You know I'm a firm believer in listening to your body's signals. When something is gently nagging at you, its time for a change. I realized there are so many recipes on fermented foods out there that I needed to do some digging.
One adventure that popped up was years ago when I used to make my own sauerkraut. I used large "sun tea jars" when they were in. I scoured my garage and laundry room looking for these see through beauties from yesteryear. But none was to be had! So I let it go and began searching the internet where I found Mary's Nest. Here she made sauerkraut in glass canning jars. I began thinking, "I have several glass jars lying around always to store food in." In fact, I have some lovely pasta sauce jars right on my counter cleaned. One thing that resonated was when Mary said, "If you are using regular jars just remember to burb them." I can do this!
It took me 10 minutes with a food processor to make two jars of sauerkraut. I've been hooked for months. It is important to eat this every day if you are going to give up your synthetic probiotics. And guess what? No more bloat. I am including Mary's video below.
Raw, fermented foods packed with health-promoting probiotics and have been staples of the human diet for centuries. Sauerkraut is the probiotic king. It is is the superior source of LIVE probiotics and enzymes, and due to its pre-digested state brought on by the fermentation process, these nutrients are highly bioavailable to the body.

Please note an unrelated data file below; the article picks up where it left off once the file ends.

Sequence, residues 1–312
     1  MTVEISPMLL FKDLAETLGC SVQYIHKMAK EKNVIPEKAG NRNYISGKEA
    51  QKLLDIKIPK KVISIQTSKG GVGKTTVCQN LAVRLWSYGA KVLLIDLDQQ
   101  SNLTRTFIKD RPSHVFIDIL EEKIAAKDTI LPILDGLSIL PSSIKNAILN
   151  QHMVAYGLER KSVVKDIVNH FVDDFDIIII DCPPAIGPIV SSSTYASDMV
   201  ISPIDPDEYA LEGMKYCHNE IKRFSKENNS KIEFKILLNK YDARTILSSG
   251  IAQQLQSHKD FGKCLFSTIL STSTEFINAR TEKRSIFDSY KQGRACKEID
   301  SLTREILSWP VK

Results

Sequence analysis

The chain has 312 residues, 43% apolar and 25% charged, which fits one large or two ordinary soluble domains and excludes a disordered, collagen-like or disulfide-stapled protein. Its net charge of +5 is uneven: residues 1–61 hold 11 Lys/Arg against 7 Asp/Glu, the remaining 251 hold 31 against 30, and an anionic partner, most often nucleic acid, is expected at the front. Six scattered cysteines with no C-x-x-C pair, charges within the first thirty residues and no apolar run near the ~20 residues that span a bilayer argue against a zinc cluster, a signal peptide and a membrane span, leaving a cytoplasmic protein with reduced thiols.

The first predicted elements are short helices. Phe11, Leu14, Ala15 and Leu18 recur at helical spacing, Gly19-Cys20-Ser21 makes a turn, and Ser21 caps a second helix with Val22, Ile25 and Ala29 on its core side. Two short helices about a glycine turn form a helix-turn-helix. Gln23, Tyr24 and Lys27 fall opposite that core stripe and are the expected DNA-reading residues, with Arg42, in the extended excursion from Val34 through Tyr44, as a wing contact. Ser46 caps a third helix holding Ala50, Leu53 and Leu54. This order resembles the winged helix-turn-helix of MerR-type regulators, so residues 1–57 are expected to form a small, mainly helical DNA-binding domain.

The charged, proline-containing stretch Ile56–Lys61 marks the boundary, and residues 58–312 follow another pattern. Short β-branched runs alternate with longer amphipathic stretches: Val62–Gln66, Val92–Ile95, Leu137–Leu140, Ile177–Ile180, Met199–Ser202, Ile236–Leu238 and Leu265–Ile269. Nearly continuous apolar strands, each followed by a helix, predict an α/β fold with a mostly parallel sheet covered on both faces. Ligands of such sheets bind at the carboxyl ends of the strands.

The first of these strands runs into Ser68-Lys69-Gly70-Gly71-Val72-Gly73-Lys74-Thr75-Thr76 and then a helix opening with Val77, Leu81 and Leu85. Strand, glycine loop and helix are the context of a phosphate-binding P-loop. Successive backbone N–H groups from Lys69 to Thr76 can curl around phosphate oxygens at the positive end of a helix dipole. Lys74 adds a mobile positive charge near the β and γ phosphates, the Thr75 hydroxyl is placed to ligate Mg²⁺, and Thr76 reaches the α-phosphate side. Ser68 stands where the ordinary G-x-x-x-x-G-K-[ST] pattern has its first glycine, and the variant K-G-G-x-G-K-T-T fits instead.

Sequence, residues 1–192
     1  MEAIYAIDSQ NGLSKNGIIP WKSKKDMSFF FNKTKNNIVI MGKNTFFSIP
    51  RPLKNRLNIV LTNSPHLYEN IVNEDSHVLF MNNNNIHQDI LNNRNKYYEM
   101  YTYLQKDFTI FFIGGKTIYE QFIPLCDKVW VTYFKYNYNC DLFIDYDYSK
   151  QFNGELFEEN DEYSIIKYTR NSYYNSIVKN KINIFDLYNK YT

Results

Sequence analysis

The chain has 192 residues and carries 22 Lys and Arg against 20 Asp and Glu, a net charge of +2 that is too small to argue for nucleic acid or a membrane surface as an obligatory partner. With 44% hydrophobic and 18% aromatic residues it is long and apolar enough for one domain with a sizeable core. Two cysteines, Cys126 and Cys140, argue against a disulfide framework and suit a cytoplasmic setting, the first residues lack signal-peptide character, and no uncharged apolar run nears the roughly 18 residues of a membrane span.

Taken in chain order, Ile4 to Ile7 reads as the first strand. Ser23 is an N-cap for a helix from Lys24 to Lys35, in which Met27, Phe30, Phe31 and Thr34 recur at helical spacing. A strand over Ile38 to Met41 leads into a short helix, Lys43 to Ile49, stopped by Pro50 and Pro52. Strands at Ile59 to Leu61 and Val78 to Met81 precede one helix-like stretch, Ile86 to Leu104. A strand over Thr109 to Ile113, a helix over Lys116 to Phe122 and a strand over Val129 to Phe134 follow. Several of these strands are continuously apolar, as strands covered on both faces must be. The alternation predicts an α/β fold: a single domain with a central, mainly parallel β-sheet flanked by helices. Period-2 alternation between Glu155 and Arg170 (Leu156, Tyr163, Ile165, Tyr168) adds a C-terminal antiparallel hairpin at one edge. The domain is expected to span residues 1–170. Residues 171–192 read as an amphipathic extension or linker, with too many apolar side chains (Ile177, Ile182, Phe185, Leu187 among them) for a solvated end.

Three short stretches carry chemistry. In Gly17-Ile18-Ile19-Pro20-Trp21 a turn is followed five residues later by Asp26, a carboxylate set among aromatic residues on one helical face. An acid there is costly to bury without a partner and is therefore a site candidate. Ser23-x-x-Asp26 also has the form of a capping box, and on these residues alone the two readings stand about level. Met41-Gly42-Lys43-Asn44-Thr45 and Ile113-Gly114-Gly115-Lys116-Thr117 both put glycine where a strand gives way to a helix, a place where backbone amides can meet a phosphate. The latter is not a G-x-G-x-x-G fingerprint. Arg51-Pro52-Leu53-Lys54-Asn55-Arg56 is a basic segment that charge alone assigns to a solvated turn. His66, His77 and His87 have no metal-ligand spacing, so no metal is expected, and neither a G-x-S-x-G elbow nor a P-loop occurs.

Dr. Joseph Mercola sent a sample of his homemade sauerkraut off to a lab and reported the findings of probiotics saying, “We had it analyzed. We found in a 4-6 ounce serving of the fermented vegetables there were literally ten trillion bacteria.”
This incredible discovery means that just 2 ounces of homemade sauerkraut has more probiotics than a whole bottle of 100 count probiotic capsules. One 16 oz. jar of sauerkraut is equivalent to about 8 bottles probiotics!
The numerous benefits of fermented foods are undeniable. They’ve been a staple of the human diet for centuries. Many people know sauerkraut as a traditional topping for a hot dog. But it is so much more than that. Did you know that in the 18th century, sailors ate sauerkraut on long voyages to prevent scurvy, a disease caused by vitamin C deficiency? Also, Chinese laborers building the Great Wall of China (more than 2000 years ago) ate shredded cabbage fermented in rice wine.